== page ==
Received: 01-Feb-2023, Manuscript No. DPL-23-92943; Editor assigned: 06-Feb-2023, Pre QC No. DPL-23-92943(PQ); Reviewed: 20-Feb-2023, QC No. DPL-23-92943; Revised: 27-Feb-2023, Manuscript No. DPL-23-92943(R); Published: 06-Mar-2023 , DOI: 10.37532/dpl.2023.15.17
Gitelman’s Syndrome (GS) is a rare inherited tubulopathy characterized by hypokalemia, hypomagnesaemia, and metabolic alkalosis due to inactivating mutations of the distal convoluted tubule sodium chloride cotransporter. This entails reduced extracellular volume and consequent activation of counterbalancing systems such as the renin–angiotensin–aldosterone system. Although with high levels of angiotensin II, Gitelman’s patients do not display hypertension or its cardiovascular and renal remodeling complications related to over activation of those systems. The study of renal tubular disorders, such as Gitelman’s Syndrome (GS), is of paramount importance to understand the molecular mechanisms involved in the onset and progression of other diseases, in particular, hypertension and its correlated cardiovascular/renal remodeling. The kidneys play a pivotal role in the physiological fluid homeostasis, being the filtering system of the body and determining its chemical and hormonal equilibrium.
GS is a rare inherited salt-wasting tubulopathy first described as a familial disorder characterized by electrolytic alterations with concomitant hypomagnesaemia and hypokalemia. It is cataloged in the registry of the inherited rare Mendelian diseases. However, its estimated prevalence of 1:40000 makes it one of the most frequently inherited renal tubular disorders, and it is expected that a further portion of the population is affected by the syndrome without being aware. The clinical characteristics and the severity of biochemical abnormalities reflect a gene-specific pattern: the etiology of GS is determined, in fact, by mutations in a gene that encodes for a cotransporter involved in the trafficking of electrolytes in the Distal Convoluted Tubules (DCT) of the nephrons, the Sodium Chloride Cotransporter (NCC). GS typical clinical features are salt craving, muscle weakness, fatigue, and cramps with electrolyte imbalance associated with the side effects of treatment with thiazide diuretics that target the DCT specifically.
Calcium and magnesium imbalance is also associated with arthropathy with calcium pyrophosphate crystal deposition or chondrocalcinosis in GS. Other clinical symptoms of GS are dizziness and prolongation of the QT interval on electrocardiogram (due to the depolarization and repolarization of the ventricles), which causes arrhythmia Hypertension-Mediated Organ Damage (HMOD). It is the result of the structural and functional alteration of vasculature and organs caused by elevated and uncontrolled BP, by hormonal or neurohumoral abnormalities and wrong life habits. In particular, the organs affected by HMOD are the brain where white matter lesions, silent micro infarcts, micro bleeds, and brain atrophy can be detected; the heart with left ventricular hypertrophy; the kidneys with impaired function, lower eGFR and albuminuria, and the eyes with retinal hemorrhage, micro aneurysm, papilledema, and hypertensive retinopathy. Nonetheless, hypertension impairs arteries’ functionality by inducing atherosclerotic plaques and Intima to Media Thickness (IMT) and stiffening. Vascular beds are, in fact, extremely damaged by the continuous pressure of blood flow exerted against arteries which causes loss of elasticity, decreased blood flow, and consequent reduced oxygen supply to cell and to organs. The spreading of radical species causes damages to several macromolecules such as the Low-Density Lipoproteins (LDLs). This latter, once oxidized, has a critical role in the progression of atherosclerotic lesions. GS shows reduced susceptibility of LDL to oxidation, mainly due to an increase in the production of the antioxidant and protective factor NO, whose increased bioavailability is related to a reduced production of O2−•.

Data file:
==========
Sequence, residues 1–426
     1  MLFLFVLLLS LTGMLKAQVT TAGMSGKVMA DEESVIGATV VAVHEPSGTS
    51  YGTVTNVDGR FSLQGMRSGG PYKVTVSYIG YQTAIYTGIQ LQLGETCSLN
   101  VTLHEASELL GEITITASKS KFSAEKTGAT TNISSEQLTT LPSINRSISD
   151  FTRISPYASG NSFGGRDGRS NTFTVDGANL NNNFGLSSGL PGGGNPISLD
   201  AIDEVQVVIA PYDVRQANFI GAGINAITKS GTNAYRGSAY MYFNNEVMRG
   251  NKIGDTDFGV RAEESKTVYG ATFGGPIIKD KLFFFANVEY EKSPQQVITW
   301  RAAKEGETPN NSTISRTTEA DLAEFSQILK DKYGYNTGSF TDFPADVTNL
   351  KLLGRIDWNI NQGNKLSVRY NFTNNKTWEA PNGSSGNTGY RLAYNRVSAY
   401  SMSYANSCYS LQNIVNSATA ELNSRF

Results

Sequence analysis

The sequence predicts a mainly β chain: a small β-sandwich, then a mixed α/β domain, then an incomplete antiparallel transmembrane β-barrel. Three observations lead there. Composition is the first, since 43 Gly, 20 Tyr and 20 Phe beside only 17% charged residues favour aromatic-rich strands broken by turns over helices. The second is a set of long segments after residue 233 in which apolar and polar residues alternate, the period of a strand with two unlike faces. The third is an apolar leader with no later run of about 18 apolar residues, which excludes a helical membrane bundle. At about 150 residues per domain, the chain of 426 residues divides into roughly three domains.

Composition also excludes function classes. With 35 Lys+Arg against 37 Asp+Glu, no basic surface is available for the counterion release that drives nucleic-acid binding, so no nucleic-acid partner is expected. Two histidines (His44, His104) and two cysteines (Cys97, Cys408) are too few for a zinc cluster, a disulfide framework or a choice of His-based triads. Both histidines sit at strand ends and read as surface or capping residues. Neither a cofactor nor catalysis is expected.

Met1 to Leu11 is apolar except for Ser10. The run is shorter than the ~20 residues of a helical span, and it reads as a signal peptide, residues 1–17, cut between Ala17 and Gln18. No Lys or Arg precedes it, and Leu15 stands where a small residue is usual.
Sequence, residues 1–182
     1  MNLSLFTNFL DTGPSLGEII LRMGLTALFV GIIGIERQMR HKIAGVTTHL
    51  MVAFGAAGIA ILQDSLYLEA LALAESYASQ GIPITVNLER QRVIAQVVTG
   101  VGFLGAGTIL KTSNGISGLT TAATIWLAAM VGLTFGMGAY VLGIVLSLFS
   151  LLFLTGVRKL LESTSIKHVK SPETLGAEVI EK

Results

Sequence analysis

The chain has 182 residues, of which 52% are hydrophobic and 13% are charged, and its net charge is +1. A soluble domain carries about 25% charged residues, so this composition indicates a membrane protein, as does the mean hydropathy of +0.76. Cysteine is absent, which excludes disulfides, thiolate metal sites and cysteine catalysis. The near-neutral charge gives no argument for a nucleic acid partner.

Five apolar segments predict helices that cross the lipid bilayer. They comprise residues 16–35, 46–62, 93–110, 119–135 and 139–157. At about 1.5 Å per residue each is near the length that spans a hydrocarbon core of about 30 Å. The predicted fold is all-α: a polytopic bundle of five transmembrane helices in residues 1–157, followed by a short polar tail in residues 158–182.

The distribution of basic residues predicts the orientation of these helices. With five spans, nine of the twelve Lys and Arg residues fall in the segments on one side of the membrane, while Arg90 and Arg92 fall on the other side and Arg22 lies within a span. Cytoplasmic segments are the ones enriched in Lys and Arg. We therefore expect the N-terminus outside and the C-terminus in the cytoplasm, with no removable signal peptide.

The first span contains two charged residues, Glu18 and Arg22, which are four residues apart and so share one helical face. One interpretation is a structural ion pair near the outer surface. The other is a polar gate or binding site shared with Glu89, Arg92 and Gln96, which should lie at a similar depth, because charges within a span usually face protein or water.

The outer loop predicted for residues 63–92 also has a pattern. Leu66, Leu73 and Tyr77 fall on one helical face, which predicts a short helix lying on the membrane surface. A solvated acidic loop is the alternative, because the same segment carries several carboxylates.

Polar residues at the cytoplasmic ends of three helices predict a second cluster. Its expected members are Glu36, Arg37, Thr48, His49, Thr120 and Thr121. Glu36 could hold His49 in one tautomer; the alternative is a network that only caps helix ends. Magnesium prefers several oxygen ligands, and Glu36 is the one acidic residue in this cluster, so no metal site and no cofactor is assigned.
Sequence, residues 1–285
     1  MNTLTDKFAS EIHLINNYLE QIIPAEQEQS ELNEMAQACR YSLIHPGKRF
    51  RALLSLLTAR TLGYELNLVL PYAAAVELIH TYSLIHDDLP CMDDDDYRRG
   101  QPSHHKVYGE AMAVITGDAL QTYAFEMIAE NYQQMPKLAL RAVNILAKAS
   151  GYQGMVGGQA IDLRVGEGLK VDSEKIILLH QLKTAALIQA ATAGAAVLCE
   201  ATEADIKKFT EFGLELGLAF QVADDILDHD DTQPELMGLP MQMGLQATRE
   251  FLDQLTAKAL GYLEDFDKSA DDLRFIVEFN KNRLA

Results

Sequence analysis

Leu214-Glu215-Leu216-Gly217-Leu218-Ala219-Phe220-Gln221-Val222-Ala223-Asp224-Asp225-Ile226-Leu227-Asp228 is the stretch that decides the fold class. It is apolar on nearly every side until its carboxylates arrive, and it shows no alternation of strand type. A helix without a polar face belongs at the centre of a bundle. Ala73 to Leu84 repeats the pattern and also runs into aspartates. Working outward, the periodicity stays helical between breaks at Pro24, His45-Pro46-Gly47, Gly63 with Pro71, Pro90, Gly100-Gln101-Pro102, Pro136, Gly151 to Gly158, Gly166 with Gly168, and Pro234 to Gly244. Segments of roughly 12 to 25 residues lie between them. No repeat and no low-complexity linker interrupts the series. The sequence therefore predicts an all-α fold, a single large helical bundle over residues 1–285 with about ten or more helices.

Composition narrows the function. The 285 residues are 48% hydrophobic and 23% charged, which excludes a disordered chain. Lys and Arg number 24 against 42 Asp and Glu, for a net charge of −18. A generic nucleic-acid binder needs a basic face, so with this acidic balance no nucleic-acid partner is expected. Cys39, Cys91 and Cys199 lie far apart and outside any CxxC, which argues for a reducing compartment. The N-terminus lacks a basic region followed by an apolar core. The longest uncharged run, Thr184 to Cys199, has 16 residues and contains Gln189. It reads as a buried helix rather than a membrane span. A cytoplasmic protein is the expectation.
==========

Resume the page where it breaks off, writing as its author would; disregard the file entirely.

Besides the pathways merely deputed to the production of oxidative species, the long-term Ang II signaling induced via oxidative stress occurs also through the activation of RhoA/ROCK pathway. The activation of this pathway alongside increased Ca2+ sensitization leads key processes in the progression of hypertension and cardiovascular/renal remodeling. ROCK, in fact, acts also on other targets such as Ezrin, Radixin, and Moesin (ERM) and LIM kinases, which are connected with actin filaments and cytoskeletal rearrangement. Oxidative stress-induced responses comprise also the activation of Extracellular Signal-Regulated Kinases (ERK) 1/2 and mitogen-activated protein kinases (MAPK). The activation of ERK induces integrated responses that involving nucleotide and protein synthesis and activates transcription factors and chromatin phosphorylation. The phosphorylation state of MYPT-1 and the phosphorylation of ERK 1/2 are reduced in GS further providing evidence for the association of these molecules with cardiovascular/renal remodeling pathways which is absent in GS.
The findings coming from experiments on GS compared to those on hypertensive subjects confirm the close link between Ang II signaling and cardiovascular/renal remodeling. GS patients provide insights for the intracellular pathways involved in the onset and of hypertension, through endothelial dysfunction, atherogenesis, and vascular remodeling. In particular, the protection and prevention of oxidative stress, which seems to be absent in GS, might be the key point to reduce the progression of cardiovascular-related negative outcomes.